Why Companies Are Turning To Digital Marketing To Survive COVID-19
In the coming months, businesses are going to become more reliant than ever on their digital strategy and we have seen an increase in the amount of new businesses approaching us wishing to explore new ways of generating revenue. Without wanting to sound too alarmist, in many cases it will be the deciding factor in whether some companies make it through the tough times ahead as all other revenue channels have been closed down.
We believe that the key to resilience in these tough times to explore new revenue channels that many if not most companies have not fully tapped into previously through digital marketing and strategy. The world is getting more and more connected and no matter what industry you are in, whether its a local butcher or a fortune 500 company, if you’re now investing in digital then you are already behind.
The unprecedented, almost-total disappearance of all channels related to live events and conferences, and the increasing barriers on face-to-face business for smaller businesses, pose an enormous challenge. B2B companies in particular rely on the annual circuit of trade shows and exhibitions to network and build customer relations. In industries that are not digital-native, they may also be less sophisticated in their digital growth and customer relations strategies. For smaller businesses especially, used to getting new customers through word-of-mouth referrals or on the strength of a hard-won reputation, their loss is coming as a shock.
Larger companies are also now finding themselves in the position of having potentially lost millions through cancelled events. They won’t claw back the hours of time and expense spent on preparations for this year, but insurance and flexible cancellation policies have left them with marketing budget to reassign. We believe digital is the clear winner here, and companies – including ones that may not so much as had a Facebook page before – will need to move into social marketing, content marketing, SEO and influencer-led campaigns in order to survive.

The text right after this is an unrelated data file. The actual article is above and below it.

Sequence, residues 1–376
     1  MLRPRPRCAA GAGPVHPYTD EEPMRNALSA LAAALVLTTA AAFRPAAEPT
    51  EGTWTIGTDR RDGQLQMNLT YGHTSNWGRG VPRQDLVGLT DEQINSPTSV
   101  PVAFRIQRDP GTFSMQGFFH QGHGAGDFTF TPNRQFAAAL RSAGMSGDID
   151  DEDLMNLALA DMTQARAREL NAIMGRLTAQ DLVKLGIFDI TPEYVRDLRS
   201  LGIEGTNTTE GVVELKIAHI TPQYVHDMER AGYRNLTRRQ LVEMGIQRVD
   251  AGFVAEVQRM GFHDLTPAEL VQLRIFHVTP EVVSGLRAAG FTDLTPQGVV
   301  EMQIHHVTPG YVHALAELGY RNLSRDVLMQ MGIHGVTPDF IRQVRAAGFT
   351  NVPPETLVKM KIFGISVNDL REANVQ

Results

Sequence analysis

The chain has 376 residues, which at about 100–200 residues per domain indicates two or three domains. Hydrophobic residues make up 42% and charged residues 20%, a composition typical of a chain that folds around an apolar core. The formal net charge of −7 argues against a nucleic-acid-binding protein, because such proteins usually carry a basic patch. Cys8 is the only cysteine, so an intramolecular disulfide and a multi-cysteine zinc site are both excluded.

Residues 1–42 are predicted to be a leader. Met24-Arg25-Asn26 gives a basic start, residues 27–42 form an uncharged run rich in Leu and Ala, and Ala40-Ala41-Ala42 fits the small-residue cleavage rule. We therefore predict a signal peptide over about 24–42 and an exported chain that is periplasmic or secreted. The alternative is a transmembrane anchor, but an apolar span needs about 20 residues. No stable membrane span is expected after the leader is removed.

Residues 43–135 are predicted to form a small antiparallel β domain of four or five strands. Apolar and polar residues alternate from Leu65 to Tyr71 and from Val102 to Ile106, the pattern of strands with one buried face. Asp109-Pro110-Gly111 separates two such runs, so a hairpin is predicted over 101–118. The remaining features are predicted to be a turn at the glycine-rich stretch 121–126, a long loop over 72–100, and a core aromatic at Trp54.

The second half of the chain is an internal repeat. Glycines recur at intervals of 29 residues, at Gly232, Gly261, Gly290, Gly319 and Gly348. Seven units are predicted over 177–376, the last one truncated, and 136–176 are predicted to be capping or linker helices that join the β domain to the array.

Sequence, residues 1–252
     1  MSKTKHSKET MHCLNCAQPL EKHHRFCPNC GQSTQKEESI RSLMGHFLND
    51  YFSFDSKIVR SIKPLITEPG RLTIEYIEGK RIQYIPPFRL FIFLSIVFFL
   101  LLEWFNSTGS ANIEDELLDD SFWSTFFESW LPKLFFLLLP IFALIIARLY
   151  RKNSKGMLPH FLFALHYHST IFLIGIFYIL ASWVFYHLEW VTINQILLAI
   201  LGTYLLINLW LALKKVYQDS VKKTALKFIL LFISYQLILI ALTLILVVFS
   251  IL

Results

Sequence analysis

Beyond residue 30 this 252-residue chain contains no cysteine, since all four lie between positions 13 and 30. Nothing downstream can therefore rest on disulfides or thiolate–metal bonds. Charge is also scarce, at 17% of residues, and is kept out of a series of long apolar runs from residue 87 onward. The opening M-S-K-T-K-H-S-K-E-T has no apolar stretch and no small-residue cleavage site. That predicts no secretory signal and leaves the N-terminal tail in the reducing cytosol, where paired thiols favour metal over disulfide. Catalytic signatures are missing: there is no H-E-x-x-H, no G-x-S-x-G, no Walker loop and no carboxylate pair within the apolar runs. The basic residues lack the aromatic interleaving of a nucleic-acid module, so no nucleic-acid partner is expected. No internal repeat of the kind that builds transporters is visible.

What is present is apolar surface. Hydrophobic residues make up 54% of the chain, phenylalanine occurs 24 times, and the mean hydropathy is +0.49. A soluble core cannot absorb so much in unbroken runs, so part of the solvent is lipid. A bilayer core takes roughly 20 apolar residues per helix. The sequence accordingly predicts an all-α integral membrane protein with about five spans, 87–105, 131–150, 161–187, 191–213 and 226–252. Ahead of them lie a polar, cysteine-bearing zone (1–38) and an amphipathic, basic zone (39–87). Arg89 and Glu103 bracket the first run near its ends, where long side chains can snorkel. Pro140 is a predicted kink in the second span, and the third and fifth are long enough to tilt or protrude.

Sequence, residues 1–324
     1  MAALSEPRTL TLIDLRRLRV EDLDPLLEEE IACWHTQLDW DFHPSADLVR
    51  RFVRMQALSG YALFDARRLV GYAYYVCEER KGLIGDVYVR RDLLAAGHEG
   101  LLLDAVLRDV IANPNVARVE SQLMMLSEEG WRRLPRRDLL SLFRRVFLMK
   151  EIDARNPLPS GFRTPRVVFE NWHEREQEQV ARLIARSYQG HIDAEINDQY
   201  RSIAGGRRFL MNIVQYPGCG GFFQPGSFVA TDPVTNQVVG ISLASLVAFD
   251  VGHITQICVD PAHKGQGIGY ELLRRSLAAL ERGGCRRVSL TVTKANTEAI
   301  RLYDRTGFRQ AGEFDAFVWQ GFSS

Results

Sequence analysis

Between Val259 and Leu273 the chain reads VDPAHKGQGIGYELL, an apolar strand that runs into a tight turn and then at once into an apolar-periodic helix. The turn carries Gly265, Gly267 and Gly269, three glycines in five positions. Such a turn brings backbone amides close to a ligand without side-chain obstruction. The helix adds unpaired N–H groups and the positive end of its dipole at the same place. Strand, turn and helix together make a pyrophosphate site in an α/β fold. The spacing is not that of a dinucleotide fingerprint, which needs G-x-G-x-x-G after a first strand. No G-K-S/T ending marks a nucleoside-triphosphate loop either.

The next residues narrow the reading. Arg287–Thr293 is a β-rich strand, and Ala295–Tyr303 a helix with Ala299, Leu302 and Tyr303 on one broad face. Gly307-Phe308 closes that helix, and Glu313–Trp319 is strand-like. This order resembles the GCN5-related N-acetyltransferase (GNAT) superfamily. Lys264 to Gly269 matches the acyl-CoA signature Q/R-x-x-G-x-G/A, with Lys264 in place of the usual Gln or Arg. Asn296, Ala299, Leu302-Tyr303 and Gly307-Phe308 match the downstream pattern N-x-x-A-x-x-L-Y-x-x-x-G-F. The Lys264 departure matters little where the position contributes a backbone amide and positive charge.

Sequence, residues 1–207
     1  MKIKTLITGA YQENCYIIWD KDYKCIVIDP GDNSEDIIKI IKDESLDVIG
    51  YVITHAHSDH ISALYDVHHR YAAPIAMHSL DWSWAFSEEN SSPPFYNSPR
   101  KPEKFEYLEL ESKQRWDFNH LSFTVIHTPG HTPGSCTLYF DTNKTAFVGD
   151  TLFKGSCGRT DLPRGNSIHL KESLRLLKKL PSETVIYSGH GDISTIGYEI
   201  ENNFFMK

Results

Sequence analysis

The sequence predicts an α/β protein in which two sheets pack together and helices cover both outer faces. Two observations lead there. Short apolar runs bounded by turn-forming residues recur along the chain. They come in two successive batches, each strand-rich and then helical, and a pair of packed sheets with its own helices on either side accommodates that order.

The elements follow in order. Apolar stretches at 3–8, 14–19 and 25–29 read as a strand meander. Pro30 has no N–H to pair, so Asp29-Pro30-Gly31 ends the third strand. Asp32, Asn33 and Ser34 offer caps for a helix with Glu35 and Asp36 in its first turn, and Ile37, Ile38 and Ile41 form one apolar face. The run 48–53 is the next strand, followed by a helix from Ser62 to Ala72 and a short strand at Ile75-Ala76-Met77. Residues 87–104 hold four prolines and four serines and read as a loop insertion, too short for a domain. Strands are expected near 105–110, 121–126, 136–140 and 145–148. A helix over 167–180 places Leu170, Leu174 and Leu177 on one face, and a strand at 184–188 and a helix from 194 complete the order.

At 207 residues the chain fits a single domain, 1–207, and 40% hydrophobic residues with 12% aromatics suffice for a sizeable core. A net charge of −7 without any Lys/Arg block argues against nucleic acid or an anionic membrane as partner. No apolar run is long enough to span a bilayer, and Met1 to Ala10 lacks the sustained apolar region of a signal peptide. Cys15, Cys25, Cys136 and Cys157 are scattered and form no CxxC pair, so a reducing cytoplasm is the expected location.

Opportunities to be taken
This itself poses opportunities which may be snatched in this challenging time depending on your industry and in particular if you are a B2B supplier in an industry that has been slow to adapt to digital marketing. A key factor in resilience is adaptability. If it’s standard in your industry to go out and meet new customers face-to-face before you do business, adapting may mean opening new channels over web or social media platforms where introductions can be made and relationships fostered. In the coming months, your prospective clients are going to be less open to the idea of letting you walk through the door and shake their hand – and no-one really has any idea how long this will last and whether this will lead to longer-term change.
We are in uncertain times, but with the increase of remote working and a collaborative approach, companies are turning to digital channels and embracing the transformation. We have seen a real spike during the last few weeks from companies wishing to create or update websites, launch new e-commerce channels and create social media campaigns focused on home-workers and a real focus on using influencers and SEO to reach new audiences.
Being confined to the office – or even the home – rather than on the road on sales visits or at events, means marketers have more time to develop digital strategies. This means researching where your customers can be found online, and how different approaches and tactics might impact your success. If your organization previously put token efforts into digital channels – because like a lot of other businesses, you had built your networks offline and that had always seemed to work – now is the time to revisit them. That could be as simple as giving your website and social pages a refresh, or a more innovative approach.
As long as businesses approach the shift to digital marketing strategically, there’s no reason why it should just serve as an emergency fill-in, but could carry on providing long-term value when the world eventually gets back to normal. And of course, it would make companies more resilient to deal with any future pandemics.